I heard a terrific story recently about Carl Friedrich Gauss, the 18th century German mathematician. And who isn’t a sucker for a good 18th century German mathematician story?

When Gauss was a schoolboy, a teacher once challenged the class with this problem: Add the numbers from 1 to 100 (1 + 2 = 3, 3 +3 = 6, 6 + 4 = 10, etc.). Assuming this challenge would occupy the students for a considerable time, the teacher was about to leave the room when young Gauss slammed his pencil down and proclaimed, “Done!” The teacher, incredulous of course, examined the young prodigy’s notebook and was astonished to see he had indeed found the correct answer. Why don’t you give it a try? Ready? Go!

If you’re still crunching numbers after about 10 seconds, then you’re quite a ways behind Gauss, who solved the problem almost instantly. How did he do it? A shortcut. Gauss realized that from 1 to 100 there are exactly 50 pairs of matching numbers: 1 + 100 = 101, 2 + 99 = 101, 3 + 98 = 101, etc. Therefore, he simply multiplied 101 by 50 to determine the correct answer of 5,050. This charming story prompted me to reflect on my work with OKRs. Are there any possible shortcuts for creating effective OKRs? The answer is a fence-sitting yes and no. Let's look at both.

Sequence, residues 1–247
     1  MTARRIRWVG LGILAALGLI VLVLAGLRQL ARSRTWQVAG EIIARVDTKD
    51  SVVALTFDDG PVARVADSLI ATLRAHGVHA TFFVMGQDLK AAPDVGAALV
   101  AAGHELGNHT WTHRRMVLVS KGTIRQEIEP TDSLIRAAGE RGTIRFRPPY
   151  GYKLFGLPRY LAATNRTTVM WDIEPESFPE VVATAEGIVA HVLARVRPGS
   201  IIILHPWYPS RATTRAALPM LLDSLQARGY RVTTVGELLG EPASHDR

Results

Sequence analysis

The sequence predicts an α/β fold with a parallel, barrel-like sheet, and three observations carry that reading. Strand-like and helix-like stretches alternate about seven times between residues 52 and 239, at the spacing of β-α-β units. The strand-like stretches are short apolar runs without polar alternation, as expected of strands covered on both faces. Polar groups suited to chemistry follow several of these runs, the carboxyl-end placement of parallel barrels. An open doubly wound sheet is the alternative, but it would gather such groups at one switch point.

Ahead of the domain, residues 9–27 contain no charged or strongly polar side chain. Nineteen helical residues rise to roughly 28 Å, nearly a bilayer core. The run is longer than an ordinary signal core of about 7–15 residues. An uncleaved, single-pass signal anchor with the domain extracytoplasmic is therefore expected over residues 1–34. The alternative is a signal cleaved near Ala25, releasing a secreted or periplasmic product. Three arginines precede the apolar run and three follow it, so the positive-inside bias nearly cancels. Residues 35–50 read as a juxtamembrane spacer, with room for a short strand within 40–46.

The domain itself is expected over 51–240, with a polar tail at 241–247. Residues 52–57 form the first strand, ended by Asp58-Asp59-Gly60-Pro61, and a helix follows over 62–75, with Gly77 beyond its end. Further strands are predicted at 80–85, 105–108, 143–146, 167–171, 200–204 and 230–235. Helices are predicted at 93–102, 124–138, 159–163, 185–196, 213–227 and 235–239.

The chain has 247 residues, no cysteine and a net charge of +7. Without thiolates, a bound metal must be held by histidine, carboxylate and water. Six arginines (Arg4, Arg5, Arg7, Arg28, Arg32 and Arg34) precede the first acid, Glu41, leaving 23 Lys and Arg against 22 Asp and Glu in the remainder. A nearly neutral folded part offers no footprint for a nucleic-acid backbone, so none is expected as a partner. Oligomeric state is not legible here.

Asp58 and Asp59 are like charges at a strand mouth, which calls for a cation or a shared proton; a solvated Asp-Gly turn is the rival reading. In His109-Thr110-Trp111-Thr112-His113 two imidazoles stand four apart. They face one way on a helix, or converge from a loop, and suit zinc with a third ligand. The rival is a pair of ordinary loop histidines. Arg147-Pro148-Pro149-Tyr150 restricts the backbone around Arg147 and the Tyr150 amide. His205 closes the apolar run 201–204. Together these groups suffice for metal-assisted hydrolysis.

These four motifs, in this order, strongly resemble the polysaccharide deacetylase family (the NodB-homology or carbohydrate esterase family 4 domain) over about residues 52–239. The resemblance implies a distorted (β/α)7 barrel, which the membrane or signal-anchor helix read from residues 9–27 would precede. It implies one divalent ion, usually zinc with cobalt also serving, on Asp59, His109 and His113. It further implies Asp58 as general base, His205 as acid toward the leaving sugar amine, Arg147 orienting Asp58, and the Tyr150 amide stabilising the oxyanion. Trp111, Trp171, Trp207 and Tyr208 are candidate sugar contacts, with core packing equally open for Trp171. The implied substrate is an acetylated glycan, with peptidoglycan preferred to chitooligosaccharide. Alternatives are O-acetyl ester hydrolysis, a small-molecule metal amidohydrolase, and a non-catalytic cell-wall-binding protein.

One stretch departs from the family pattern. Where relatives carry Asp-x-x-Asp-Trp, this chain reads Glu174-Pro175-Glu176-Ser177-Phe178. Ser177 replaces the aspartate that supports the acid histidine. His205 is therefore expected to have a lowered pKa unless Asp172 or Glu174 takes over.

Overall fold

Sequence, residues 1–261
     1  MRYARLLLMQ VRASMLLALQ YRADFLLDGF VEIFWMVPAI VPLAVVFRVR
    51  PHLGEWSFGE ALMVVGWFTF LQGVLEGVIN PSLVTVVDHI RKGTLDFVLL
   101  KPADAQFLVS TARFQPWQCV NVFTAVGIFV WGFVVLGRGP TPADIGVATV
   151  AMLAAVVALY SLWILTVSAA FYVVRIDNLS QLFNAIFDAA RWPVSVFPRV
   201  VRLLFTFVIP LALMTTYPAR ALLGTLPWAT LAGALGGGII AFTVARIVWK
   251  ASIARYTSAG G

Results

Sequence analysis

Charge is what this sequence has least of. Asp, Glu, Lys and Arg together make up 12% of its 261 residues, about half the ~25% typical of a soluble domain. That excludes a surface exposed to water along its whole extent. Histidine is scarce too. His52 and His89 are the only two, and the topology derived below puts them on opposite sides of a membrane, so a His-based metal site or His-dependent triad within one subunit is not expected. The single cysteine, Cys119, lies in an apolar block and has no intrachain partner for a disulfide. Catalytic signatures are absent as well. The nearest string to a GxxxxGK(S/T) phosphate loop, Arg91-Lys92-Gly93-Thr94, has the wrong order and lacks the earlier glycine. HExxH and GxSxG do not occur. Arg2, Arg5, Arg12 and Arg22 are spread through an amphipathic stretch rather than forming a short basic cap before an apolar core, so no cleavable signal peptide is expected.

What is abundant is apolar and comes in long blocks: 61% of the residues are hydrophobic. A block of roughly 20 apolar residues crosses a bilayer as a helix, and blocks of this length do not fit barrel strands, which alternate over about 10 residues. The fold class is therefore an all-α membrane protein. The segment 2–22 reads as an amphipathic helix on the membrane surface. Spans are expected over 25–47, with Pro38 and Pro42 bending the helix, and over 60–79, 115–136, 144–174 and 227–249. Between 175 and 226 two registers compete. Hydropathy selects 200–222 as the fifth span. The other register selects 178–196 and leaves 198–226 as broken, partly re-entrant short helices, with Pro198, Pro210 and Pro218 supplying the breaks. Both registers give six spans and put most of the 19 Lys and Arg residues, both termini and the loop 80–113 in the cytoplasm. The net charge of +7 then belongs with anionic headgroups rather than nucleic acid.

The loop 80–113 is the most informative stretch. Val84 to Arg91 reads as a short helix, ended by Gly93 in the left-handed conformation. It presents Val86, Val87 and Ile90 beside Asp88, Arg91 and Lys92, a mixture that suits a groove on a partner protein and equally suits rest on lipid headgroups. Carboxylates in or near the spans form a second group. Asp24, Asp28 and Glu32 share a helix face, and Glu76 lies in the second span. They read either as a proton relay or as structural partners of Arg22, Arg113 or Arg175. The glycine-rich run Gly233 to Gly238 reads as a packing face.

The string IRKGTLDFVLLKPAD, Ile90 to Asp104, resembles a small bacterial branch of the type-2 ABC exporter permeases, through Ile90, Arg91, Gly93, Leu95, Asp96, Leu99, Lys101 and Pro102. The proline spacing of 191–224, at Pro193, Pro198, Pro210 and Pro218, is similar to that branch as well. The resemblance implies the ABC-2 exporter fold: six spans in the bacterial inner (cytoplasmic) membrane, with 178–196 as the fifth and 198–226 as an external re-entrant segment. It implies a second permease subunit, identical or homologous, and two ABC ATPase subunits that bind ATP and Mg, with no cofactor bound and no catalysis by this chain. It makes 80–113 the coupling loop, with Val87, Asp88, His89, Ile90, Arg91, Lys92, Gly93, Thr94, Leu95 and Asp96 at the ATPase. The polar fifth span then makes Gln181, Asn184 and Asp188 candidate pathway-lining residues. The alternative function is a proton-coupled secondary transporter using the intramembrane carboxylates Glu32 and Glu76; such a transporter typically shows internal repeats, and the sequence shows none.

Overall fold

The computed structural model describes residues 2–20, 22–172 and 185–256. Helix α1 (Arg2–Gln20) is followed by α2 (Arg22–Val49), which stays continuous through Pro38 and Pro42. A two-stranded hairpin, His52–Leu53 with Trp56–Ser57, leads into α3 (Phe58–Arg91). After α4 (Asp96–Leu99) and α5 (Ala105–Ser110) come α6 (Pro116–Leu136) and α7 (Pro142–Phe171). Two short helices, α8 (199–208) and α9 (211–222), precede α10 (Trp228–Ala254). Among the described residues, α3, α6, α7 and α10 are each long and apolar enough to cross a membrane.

# Shortcuts: Go for it

On the positive side of the ledger, I believe there are some shortcuts to writing sound OKRs.

### Using proven formulas

Objectives are always composed of three parts: They should begin with a verb, be followed by what you’re attempting to achieve, and end with the business impact you’re striving toward. Here’s a simple example: Increase attendance at our annual user conference in order to enhance member engagement with our products. Writing objectives can (and probably should be) a difficult assignment, but using a simple formula as a template can help you write OKRs in a consistent fashion, whether you’re brand new to the model or a seasoned veteran.

### Adhering to a checklist of characteristics

Once you’ve drafted an OKR, gauge its efficacy by examining it in light of some basic attributes of an effective OKR. For example, does the objective contain the three components described above? Are the key results actually measurable? Are they ambitious? Can you complete them in 90 days? Visit our website at okrstraining.com for more characteristics of an effective OKR.

More simply, make the development of OKRs a habit. Your organization should have created a cadence for OKRs, typically quarterly, and based on the fact that there will be pre-determined dates by which OKRs should be developed, vetted, and finalized. Put those dates on your calendar for the entire year and make them sacrosanct! On the appointed day (or days), ensure you set aside the time required to assess your situation and create an effective set of OKRs.

# Shortcuts: Not Worth It

Following the advice offered above will put you on track to develop powerful OKRs, but there are some aspects of the process for which there are no shortcuts.